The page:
Geometric volume-of-fluid framework for simulating two-phase flows on unstructured meshes
- Two-phase flows appear frequently in nature and industry. An important example, which impacts the efficiency of combustion engines, is the atomization of an injected liquid jet into an evaporable spray. Accurately simulating two-phase flows in complex engineering applications poses several challenges for numerical modeling. Material properties are discontinuous and can vary greatly between the two phases; for example, the density ratio of air-water flows in atmospheric conditions is approximately 1:1000. The curvature of the phase interface generates a singular surface tension force, which is only active at the interface. The curvature is a higher-order term that requires second derivatives of the interface position, which are susceptible to numerical error amplification. The accurate tracking of the phases in applications that generate a breadth of interfacial length scales, such as breaking waves and jet atomization, require schemes that prevent the dissipation of the small-scale features. Discretizations on unstructured grids are necessary to simulate two-phase flows that include complex engineering devices, such as fuel injectors in a diesel combustor. The present work addresses these challenges using a geometric volume-of-fluid framework. In the present volume-of-fluid method, the interface evolution is implicitly tracked using the fraction of the liquid volume within each cell. The interface is represented by a series of discontinuous planes, reconstructed by the local liquid volume fraction. As such, the approach naturally handles large changes in the interfacial topology. The piecewise-planar representation of the interface, combined with tools from computational geometry, facilitates exact numerical integration over the phases on unstructured meshes. The focus of this dissertation is to discuss the novel developments of the unstructured two-phase flow solver: an accurate and convergent approach for calculating the interface normals and curvatures, a discretely conservative and bounded volume-of-fluid advection method, a two-phase fractional-step method that can handle singular surface tension forces and large density ratios, and a non-convex polyhedral library to perform the geometric operations required by the developments. The novel components of the framework are assessed using canonical static, kinematic and dynamic test cases on various unstructured meshes to demonstrate its cost, robustness and accuracy. Finally, the relevance of the method to engineering applications is established through a simulation of the atomization of a diesel fuel from a Bosch injector.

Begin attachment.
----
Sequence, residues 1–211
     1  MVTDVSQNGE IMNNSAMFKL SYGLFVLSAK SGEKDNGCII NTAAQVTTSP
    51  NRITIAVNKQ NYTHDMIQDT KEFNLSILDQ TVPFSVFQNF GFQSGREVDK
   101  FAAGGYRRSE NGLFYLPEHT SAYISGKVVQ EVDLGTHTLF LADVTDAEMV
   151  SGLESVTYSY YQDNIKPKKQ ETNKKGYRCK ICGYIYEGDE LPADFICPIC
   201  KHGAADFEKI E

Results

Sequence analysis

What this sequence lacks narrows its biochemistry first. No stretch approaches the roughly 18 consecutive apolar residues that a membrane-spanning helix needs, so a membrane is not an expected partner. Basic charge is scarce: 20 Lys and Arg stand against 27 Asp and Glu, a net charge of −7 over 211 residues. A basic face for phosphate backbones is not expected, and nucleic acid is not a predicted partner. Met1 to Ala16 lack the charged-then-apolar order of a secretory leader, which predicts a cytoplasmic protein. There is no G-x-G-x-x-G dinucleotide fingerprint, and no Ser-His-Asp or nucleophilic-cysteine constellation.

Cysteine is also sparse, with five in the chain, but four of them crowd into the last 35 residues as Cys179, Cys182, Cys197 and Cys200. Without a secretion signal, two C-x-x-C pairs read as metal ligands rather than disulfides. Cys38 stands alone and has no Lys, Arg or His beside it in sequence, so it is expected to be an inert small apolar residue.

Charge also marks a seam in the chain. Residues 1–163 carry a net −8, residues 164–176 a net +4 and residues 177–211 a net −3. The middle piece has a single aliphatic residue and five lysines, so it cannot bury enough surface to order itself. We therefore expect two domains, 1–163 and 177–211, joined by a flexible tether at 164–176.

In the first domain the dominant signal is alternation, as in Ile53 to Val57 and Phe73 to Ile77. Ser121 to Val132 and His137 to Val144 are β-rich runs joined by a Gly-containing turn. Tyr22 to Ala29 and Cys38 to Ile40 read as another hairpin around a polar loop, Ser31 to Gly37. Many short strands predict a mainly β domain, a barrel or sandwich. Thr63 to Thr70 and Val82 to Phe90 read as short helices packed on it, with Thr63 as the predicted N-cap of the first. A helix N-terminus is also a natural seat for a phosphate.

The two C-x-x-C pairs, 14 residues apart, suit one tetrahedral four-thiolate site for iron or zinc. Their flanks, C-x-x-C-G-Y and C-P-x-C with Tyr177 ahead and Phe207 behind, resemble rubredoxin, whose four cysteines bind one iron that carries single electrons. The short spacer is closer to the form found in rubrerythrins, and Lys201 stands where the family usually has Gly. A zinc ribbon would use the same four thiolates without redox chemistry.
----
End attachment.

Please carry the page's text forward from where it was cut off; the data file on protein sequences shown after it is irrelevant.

|Type of resource
|electronic; electronic resource; remote
|1 online resource.
|Ivey, Christopher Blake
|Stanford University, Department of Mechanical Engineering.
|Statement of responsibility
|Christopher Blake Ivey.
|Submitted to the Department of Mechanical Engineering.
|Thesis (Ph.D.)--Stanford University, 2017.
- © 2017 by Christopher Blake Ivey
- This work is licensed under a Creative Commons Attribution Non Commercial 3.0 Unported license (CC BY-NC).
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